There is a question I’ve been asking myself. It comes up more and more as I continue my adventures in theatre. The more I work on shows that are socially relevant and newer (something that generally, not always, goes hand-in-hand), I wonder: Why are there so few shows being performed that speak to the issues of today? Why do we as audiences and theatre-makers alike continue to revere the elder works? Please do not take any of this to mean I dislike more traditional and older shows; to this day, Gypsy remains my all-time favorite musical and I’m working on a concept for Romeo and Juliet.
I wonder this because there is so much richness in shows that speak to the events and problems today. New Line has opened Atomic. The rock musical follows Hungarian physicist Leo Szi󠆏lárd as he navigates the politics of World War II and the Manhattan Project. This musical is especially relevant given last year was the 70th anniversary of the dropping of the atomic bombs on Japan AND President Obama’s trip to Hiroshima as the first sitting U.S. president to visit the city since the bombings.
Atomic explores the psychological toll the creation and dropping of the bombs takes on the scientists involved. The United States is responsible for the deaths of hundreds of thousands of women and children in Japan. The women and men who helped create the bomb immediately felt remorseful and guilty. J. Robert Oppenheimer is reported to have told President Truman that he had “blood on his hands.” The show ends with the scientists shakily telling themselves, “We save a million lives. The choice we made was right.” The message is clear.
We live in a world that is still reeling from the Fukushima Daiichi meltdown and the radioactive destruction of Chernobyl. St. Louis is dealing with the effects of radioactive materials leaking into potable water. Atomic asks us if releasing the power of an atom was right. As a good story does, no attempts are made to answer that question.
Two weeks ago, I saw Tesseract Theatre’s production of Mitzi’s Abortion. The ten-year old play is an exploration of a late-term abortion from many sides—for (the to-be grandmother), against (the husband and an uncle), unsure (the mother to-be), and others—makes for compelling and timely story-telling. The matter of a late-term abortion is further complicated by the fact the fetus/child is brain-dead and will die very soon after birth.
The playwright, Elizabeth Heffron—a St. Louis native!—has left the audience in between the proverbial rock and hard place. We have again been confronted with all the necessary information to make our own decisions. All that said, there is an argument to be made that the play does not go far enough. In her review of the show, Tina Farmer of KDHX asserts it is “…a play that examines multiple, but still not all, perspectives in the case of a woman facing an unpleasant choice in the late term of her pregnancy.” I do agree with Ms. Farmer, but this is the first time I (that is Sean Michael and Sean Michael alone) have a seen a play about abortion onstage. It is a start.
There is one more play I’d like to mention: Bosnian/American, a play recently gathered and produced in partnership by Fontbonne University and Mustard Seed Theatre. It explores the effects of the 1992-1995 war and genocide in Bosnia by mixing flashbacks, present-day commentary, and the tale Aska and the Wolf. A moment from the play has stuck with me. The Bosnians of our story are fleeing the genocide to nearby countries. As the campaign worsened and more and more Bosnians fled, European countries began to close their borders to the refugees. This was 1995, not 2016. Yet, we have echoes of this time today with the Syrian, Iraqi, and Eritrean refugee crises.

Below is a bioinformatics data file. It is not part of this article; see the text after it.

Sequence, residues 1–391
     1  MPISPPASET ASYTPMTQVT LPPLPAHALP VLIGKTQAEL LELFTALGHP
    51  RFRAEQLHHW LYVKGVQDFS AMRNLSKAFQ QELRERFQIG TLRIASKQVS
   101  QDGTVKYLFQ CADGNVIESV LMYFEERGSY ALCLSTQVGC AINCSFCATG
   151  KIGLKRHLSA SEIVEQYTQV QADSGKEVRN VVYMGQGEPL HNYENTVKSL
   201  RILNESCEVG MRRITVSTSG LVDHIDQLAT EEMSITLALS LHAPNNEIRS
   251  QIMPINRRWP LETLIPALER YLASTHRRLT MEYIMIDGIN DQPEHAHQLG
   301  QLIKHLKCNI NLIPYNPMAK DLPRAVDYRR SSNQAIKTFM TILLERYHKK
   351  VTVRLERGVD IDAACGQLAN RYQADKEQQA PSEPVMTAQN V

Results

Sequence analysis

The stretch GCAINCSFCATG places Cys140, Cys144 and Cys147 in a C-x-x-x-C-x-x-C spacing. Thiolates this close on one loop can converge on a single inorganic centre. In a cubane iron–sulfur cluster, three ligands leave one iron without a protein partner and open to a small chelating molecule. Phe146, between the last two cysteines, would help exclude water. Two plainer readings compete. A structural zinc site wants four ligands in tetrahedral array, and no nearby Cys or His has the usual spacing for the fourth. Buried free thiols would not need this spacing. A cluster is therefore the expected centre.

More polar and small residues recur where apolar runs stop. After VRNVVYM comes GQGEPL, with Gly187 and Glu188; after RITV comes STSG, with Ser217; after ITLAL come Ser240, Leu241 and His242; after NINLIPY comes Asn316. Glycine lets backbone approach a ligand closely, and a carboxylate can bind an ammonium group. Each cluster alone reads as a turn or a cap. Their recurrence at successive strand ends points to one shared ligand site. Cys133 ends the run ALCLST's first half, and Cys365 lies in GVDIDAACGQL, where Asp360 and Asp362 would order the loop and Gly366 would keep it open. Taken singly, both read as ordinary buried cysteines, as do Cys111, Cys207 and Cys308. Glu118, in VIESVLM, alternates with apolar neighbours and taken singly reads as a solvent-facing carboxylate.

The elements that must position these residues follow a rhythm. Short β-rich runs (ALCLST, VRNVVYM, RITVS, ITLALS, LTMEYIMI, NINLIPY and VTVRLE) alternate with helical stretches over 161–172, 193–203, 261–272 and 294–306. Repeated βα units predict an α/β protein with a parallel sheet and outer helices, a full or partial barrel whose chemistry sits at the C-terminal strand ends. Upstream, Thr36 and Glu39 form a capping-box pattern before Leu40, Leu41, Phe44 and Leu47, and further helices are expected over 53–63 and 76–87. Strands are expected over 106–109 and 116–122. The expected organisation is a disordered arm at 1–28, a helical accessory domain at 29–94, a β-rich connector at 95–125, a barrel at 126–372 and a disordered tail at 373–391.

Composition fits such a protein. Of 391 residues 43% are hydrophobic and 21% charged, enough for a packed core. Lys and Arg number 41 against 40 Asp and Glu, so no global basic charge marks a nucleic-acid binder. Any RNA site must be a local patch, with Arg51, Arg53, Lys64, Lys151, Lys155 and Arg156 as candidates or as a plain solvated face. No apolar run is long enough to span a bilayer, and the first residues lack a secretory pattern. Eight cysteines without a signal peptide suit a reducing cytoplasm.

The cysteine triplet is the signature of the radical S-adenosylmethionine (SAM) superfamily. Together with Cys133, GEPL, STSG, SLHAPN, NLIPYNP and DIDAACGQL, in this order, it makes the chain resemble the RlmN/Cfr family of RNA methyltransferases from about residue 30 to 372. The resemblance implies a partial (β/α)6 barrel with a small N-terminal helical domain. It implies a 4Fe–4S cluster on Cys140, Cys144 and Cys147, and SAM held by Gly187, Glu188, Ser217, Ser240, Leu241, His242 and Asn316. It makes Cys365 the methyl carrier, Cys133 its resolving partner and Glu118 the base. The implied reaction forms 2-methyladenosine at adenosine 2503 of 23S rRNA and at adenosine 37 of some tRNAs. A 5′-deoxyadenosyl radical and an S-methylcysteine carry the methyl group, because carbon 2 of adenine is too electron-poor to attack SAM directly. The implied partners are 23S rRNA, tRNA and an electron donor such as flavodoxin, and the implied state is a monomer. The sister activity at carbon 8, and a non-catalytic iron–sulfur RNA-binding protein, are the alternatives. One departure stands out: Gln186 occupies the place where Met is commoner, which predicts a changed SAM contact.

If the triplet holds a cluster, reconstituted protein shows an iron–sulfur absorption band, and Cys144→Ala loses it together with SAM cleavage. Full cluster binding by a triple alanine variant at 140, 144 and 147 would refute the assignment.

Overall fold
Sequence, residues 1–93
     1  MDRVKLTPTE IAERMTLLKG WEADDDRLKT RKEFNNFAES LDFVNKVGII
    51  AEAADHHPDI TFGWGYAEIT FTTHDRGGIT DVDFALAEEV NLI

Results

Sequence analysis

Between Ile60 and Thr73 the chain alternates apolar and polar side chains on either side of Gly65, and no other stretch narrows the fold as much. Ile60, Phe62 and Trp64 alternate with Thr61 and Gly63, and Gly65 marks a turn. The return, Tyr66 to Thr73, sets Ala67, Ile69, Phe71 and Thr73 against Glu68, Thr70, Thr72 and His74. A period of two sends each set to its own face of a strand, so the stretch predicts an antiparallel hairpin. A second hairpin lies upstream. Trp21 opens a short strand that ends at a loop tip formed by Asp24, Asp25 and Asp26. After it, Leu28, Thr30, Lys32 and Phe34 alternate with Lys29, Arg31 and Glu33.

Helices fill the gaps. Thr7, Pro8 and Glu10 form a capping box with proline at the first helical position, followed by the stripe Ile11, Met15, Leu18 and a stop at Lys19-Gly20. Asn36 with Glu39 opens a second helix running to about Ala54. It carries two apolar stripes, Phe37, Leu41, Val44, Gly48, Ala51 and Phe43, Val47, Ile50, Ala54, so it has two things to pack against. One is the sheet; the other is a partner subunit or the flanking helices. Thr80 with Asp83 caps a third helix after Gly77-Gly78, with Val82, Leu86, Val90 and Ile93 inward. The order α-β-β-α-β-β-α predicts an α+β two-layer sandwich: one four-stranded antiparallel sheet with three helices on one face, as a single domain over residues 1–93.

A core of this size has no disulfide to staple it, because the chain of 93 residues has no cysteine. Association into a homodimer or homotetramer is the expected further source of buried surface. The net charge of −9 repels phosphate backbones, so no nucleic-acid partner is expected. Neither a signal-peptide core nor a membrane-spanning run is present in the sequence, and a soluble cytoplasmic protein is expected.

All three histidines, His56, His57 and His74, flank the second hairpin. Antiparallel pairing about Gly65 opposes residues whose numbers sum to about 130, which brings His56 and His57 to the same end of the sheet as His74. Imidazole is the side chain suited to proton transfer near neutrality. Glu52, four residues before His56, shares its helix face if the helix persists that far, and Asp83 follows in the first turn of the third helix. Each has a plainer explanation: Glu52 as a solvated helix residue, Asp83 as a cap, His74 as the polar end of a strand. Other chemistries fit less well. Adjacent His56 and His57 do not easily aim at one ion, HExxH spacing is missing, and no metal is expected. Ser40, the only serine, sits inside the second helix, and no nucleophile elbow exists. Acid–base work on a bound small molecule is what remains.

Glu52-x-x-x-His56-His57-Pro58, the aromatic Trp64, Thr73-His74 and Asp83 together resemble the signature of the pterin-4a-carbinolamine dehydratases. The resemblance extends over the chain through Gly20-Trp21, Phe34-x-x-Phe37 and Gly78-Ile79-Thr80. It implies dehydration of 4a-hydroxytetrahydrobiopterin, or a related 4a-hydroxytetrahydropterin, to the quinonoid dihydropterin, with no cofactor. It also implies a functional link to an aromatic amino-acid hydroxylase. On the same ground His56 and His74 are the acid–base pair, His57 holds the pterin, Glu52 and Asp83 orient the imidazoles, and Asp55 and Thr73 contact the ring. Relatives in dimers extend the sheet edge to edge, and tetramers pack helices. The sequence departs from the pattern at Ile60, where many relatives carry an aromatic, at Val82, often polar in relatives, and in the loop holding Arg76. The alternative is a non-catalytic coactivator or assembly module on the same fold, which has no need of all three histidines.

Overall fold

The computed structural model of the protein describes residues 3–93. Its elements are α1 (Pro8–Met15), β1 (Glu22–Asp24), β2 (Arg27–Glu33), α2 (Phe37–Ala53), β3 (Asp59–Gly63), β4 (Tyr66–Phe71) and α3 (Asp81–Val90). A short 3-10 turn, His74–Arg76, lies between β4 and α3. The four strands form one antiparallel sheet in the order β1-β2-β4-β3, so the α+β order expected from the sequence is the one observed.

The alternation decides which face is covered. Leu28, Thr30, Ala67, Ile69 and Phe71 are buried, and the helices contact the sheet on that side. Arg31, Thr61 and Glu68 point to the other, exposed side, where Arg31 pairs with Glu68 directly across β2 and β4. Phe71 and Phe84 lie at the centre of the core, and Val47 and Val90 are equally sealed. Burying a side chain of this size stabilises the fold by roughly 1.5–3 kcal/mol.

These three shows are mentioned because they are fresh in my mind. Partially, it is because they have presented me with questions I am grappling with. The other part of this is the fact they are relevant. President Obama is the first sitting U.S. president to visit Hiroshima since it was bombed. The ability of women and doctors to make decisions regarding the termination of a pregnancy is being curtailed by legislatures and judges throughout the country. We are dealing with wars and genocides that are displacing millions.
I think St. Louis needs more theatre like this. We have lots of it, yes. Many theatres even do it accidentally. I think we should do more. As I’ve heard lately, overestimate the intelligence of your audience and they will thank you for it.
Those who make and those who attend theatre need to be confronted with questions and perspectives that challenge what we know. We need to see the voices of people who are different colors than us and learn what their struggles are. We should learn what they think of the same things we all look at. Worldviews are dangerous when they are shouted into an echo chamber. A play or musical (even a film or TV show) marries emotions with these questions. They ask us to invest in characters whose viewpoints are different from our own. That is a fundamental responsibility of theatre, at least in my opinion.
That’s not to say I don’t want to see shows that may be less relevant or little more fun. As I stated earlier, I love Gypsy. Even then, that show is still relevant. How many reality shows deal with stage moms?
Sean Michael is a local actor and director, founder of The Scene Shop, and executive director of Tesseract Theatre. He has been seen on stages from St. Charles to Grand Center. See what’s next for him on his website.
**DISCLAIMER: The opinions expressed in this post are those of the writer and do not necessarily reflect the opinions of THE SCENE SHOP.